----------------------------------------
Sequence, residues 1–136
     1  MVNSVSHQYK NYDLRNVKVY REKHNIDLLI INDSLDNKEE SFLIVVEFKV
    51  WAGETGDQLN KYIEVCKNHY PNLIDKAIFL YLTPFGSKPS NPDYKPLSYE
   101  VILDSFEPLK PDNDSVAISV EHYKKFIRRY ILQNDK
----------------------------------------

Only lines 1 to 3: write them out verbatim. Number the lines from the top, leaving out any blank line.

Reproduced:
Sequence, residues 1–136
     1  MVNSVSHQYK NYDLRNVKVY REKHNIDLLI INDSLDNKEE SFLIVVEFKV
    51  WAGETGDQLN KYIEVCKNHY PNLIDKAIFL YLTPFGSKPS NPDYKPLSYE